Take the 2-minute tour ×
Movies & TV Stack Exchange is a question and answer site for movie and tv enthusiasts. It's 100% free, no registration required.

There was a variation of the Gilligan's Island theme song between seasons.

In the first season, the theme song lists the castaways as

{...} Gilligan, the Skipper too; the millionaire and his wife; the movie star, and all the rest {...}

In subsequent seasons, the theme song was changed to

{...} Gilligan, the Skipper too; the millionaire and his wife; the movie star; the Professor and Mary Ann {...}

Why did the song change, and were there other variations?

share|improve this question
+1 Nice question. I always wondered that myself, but just assumed it was either because in the beginning The Professor and Mary Ann were considered small parts, and later officially became "main characters", or because the actors got mad about it. –  druciferre Oct 16 '13 at 12:07
@druciferre - That was my original theory as well. –  JoshDM Oct 16 '13 at 13:00
add comment

1 Answer

up vote 11 down vote accepted

According to TV Series Finale, due to a stipulation in Tina Louise's contract (she was Ginger, "the movie star"), Tina was to be the last person billed in the opening credits. After Louise's contract was signed, the parts now known as "Mary Ann" and "The Professor" were re-cast to Dawn Wells and Russell Johnson respectively. This late casting change combined with Tina's contract had them placed in the end credits.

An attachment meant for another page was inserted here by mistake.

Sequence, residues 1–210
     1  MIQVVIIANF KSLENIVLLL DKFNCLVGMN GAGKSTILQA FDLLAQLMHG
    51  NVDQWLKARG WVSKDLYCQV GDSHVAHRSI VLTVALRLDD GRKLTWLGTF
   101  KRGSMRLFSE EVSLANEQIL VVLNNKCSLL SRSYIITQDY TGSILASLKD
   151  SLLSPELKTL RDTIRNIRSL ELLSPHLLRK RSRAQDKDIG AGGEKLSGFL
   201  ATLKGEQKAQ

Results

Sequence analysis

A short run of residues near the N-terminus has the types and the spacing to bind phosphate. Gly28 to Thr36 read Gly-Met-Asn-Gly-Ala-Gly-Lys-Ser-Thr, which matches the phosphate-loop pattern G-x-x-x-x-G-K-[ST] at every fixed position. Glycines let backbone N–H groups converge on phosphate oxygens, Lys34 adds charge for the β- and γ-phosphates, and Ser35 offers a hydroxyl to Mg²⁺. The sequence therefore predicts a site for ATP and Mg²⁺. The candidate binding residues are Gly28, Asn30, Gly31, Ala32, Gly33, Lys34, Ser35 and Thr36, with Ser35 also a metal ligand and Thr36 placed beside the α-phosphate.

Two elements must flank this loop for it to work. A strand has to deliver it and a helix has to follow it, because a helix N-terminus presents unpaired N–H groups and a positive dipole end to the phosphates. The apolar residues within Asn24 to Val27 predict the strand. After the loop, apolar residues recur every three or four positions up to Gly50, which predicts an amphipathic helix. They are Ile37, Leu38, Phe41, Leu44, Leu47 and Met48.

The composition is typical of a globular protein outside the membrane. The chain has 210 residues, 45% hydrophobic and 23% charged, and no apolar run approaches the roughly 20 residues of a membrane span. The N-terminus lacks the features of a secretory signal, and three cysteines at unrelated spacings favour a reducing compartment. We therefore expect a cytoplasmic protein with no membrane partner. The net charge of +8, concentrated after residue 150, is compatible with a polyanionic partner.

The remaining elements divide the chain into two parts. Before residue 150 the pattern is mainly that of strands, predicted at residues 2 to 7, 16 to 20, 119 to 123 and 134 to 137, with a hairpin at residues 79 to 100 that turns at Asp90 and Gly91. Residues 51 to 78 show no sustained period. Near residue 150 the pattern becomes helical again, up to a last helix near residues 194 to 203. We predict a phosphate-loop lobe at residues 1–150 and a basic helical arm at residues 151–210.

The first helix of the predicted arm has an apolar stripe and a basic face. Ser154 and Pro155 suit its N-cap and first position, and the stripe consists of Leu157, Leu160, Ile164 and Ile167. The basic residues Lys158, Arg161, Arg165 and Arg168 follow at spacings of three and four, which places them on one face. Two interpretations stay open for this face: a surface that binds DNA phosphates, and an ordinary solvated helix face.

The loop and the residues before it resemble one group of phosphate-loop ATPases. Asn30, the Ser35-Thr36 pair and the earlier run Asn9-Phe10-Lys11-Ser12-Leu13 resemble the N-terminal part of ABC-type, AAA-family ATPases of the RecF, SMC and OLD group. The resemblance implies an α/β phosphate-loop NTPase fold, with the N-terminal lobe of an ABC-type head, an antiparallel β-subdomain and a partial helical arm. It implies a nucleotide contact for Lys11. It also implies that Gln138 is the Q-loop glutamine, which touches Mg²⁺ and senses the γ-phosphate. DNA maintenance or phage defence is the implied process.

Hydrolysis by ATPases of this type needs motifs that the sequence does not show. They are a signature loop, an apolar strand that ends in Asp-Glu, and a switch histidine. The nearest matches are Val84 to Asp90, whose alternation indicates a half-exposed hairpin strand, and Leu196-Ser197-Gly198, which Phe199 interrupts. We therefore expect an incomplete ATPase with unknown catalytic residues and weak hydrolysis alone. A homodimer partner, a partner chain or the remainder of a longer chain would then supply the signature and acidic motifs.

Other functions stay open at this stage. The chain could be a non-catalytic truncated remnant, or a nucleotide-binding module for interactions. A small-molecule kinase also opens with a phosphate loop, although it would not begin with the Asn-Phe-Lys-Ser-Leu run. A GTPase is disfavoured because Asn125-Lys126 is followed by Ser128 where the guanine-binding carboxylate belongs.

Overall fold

According to this Today Show interview (YouTube, @ 3m 30s), Bob Denver explains how his contract stipulated he could choose his own billing. He declared that unless Wells and Johnson were moved to the beginning, he would put himself in the end credits for season two. Tina Louise either agreed to change the credit sequence, or her contract was reworked. This interview was the first time Dawn Wells was made aware of the deal Bob had demanded.

Another variation of the song took place during re-runs, and I witnessed it. Some syndicates re-running the show manipulated the second half of the theme song, the part which ran during the credits. The audio broadcast during the words "each week" was silenced, transforming

{...} so join us here each week, my friends {...}


{...} so join us here {SILENCE FOR TWO BEATS}, my friends {...}

I presume this was done since the re-runs were broadcast on more frequent intervals than weekly, and the associated networks questioned the intelligence of the viewership.

Additionally, The Gilligan's Island fan site hosts an alternate theme song played during the pilot episode.

I know of no other variants.

share|improve this answer
add comment

Your Answer


By posting your answer, you agree to the privacy policy and terms of service.

Not the answer you're looking for? Browse other questions tagged or ask your own question.